Every job occupation carries with it its own type of stress but typically, this stress plays a small role in a much bigger problem. Pay attention to what is causing you to feel overwhelmed and if you can find the cause, you can work towards finding a solution to avoid burnout. If you are reluctant to seek professional help, start by making a few changes on your own. For instance:

  • Create a positive workplace;
  • Let go of your negativity by focusing on relaxation techniques such as mindfulness or yoga;
  • Take some time off to be with your family or to experience a little “me time”;
  • Reach out to your family or friends when you are feeling stressed out or overwhelmed;
  • Develop healthy eating patterns and get enough sleep;
  • Find an interest outside of medicine;
  • Identify the internal and external factors that are causing you to feel stressed out or overwhelmed;
  • Take short breaks at work;
  • Hire assistants who will help ease your workload;
  • Strive to balance your personal and professional life;

Based on data gathered from numerous research studies, it has been determined that stress is the most common cause of physician burnout. “Burnout is more common than many physicians think. No health care provider is immune. It is essential for physicians, as well as their co-workers and families, to understand the signs and symptoms associated with burnout and intervene early. Burnout can have severe consequences including depression, and in severe cases — physician suicide. These are completely avoidable if we begin to better understand what the root causes of burnout are. By understanding the etiology of burnout, we may be able to design a better working environment for today’s physicians,” wrote Kevin R. Campbell, cardiac electrophysiologist. In a clinical setting, stress is inevitable. While there are both physical and emotional aspects to physician burnout treatment, you need to determine what works best for you – there is a no one good or proper solution. For some doctors, it may be two weeks off to take a much-needed vacation, while for others, it may be a change of specialty or a new career path. Do some self-reflecting and find out what it is that can help you sustain resilience in the face of stress. You owe it yourself and you owe it to your patients to maintain your health.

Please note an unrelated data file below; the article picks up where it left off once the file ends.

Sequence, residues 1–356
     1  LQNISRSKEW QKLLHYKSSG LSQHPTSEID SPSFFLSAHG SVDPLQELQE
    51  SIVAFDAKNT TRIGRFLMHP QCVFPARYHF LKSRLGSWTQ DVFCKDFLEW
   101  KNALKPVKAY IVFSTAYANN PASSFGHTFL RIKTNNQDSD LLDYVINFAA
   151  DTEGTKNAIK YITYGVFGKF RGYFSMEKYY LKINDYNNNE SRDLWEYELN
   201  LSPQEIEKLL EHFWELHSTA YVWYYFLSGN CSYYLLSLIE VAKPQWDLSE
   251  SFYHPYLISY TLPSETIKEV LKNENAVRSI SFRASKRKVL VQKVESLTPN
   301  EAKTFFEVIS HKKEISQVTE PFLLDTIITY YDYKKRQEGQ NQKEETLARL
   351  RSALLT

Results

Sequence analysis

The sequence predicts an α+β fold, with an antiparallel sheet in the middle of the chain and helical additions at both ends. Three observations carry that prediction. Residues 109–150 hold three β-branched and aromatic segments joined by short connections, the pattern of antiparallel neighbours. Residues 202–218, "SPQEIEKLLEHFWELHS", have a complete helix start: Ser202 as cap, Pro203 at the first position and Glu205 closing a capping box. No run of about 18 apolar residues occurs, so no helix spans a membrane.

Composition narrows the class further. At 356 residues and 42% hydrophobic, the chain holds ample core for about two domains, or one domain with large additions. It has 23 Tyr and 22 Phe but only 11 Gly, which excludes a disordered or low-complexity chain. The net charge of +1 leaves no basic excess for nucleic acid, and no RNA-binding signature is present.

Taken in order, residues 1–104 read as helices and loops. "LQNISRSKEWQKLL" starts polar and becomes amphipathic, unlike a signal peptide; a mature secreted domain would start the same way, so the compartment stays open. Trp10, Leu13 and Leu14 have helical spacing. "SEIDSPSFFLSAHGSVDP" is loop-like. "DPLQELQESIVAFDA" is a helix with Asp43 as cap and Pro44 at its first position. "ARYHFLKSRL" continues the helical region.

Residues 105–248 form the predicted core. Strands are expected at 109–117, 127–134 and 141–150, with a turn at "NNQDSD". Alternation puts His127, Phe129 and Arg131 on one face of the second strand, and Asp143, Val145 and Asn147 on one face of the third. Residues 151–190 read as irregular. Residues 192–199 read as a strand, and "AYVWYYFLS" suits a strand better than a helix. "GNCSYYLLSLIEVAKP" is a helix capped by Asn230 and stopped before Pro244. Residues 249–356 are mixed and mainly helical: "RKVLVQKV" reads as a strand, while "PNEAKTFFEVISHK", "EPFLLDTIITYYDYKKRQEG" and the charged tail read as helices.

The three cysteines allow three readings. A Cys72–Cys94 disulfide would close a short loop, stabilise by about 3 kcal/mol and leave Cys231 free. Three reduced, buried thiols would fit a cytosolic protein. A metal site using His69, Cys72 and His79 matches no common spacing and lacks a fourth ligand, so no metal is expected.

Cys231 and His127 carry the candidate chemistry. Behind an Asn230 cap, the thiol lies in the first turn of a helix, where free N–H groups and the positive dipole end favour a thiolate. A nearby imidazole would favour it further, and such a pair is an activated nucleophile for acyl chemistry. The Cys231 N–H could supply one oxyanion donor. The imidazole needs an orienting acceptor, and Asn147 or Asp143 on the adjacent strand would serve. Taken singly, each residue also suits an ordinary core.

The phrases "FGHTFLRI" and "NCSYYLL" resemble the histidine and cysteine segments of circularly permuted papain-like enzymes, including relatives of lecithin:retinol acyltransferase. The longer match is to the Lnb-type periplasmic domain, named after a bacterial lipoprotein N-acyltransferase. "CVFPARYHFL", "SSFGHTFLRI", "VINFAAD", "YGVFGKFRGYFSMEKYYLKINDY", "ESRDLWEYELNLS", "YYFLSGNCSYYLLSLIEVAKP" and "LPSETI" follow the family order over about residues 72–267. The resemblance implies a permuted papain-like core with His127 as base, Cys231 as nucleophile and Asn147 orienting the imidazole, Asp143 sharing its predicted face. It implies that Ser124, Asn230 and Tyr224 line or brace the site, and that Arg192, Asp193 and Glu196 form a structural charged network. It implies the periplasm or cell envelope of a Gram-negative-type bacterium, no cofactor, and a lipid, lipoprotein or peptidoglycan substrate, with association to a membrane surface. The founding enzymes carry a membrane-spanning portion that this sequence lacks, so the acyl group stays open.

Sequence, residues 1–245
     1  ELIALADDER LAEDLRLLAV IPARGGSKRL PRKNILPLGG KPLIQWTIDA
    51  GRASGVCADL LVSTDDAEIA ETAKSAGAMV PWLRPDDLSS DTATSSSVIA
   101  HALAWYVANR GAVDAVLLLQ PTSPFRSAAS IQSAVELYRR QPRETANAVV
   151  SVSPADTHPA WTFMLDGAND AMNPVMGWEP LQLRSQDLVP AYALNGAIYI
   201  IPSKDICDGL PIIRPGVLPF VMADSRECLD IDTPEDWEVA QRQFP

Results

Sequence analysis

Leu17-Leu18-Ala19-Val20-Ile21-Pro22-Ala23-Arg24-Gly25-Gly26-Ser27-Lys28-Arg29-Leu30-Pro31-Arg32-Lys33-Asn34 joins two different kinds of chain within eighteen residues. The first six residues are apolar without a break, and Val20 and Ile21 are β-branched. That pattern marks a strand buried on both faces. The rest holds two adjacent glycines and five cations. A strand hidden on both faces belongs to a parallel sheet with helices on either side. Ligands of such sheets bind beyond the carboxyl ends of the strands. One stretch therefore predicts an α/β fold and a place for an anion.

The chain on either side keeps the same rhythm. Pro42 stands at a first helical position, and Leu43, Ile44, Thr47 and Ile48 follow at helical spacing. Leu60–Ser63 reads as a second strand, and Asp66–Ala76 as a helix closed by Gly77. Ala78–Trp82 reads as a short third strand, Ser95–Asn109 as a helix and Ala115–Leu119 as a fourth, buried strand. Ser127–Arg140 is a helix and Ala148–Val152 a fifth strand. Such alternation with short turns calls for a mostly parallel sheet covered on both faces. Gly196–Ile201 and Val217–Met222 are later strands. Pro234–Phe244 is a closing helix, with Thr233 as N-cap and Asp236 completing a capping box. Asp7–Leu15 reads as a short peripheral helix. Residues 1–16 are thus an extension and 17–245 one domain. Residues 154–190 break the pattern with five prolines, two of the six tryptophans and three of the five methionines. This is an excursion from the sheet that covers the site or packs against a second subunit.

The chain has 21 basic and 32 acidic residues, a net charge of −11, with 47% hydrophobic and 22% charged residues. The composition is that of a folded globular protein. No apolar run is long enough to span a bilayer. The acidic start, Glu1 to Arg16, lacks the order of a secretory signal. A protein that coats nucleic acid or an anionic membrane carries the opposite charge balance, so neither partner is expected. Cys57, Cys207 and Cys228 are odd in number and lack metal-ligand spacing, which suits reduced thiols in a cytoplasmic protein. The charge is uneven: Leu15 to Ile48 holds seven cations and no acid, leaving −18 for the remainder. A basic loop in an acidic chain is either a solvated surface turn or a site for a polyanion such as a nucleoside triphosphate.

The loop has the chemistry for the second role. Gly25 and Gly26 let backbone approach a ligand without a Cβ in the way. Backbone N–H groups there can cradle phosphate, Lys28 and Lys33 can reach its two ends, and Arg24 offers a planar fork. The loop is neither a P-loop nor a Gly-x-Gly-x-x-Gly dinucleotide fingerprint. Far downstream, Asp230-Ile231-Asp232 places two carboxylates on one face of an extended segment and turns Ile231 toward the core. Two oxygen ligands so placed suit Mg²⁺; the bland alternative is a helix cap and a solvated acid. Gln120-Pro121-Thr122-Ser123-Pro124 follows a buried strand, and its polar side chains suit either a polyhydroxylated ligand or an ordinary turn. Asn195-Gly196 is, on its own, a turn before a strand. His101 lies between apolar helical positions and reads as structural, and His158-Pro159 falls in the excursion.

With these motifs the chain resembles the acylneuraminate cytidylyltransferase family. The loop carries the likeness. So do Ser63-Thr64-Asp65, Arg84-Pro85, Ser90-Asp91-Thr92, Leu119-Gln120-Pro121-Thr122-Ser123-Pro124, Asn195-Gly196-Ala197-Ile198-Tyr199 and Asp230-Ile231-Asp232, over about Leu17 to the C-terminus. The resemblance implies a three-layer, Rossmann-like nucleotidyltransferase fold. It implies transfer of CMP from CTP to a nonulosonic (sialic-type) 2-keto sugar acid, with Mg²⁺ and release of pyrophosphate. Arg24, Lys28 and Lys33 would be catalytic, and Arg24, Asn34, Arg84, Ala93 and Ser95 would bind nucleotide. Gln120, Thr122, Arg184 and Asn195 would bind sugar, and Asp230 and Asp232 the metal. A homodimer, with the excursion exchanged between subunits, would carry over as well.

Key Takeaways

  • Doctors often worry about the consequences of choosing to take time off.
  • Paying attention to what's making you feel overwhelmed is crucial to recovery and staying healthy.
  • Stress appears to be the most common cause of physicians' burnout.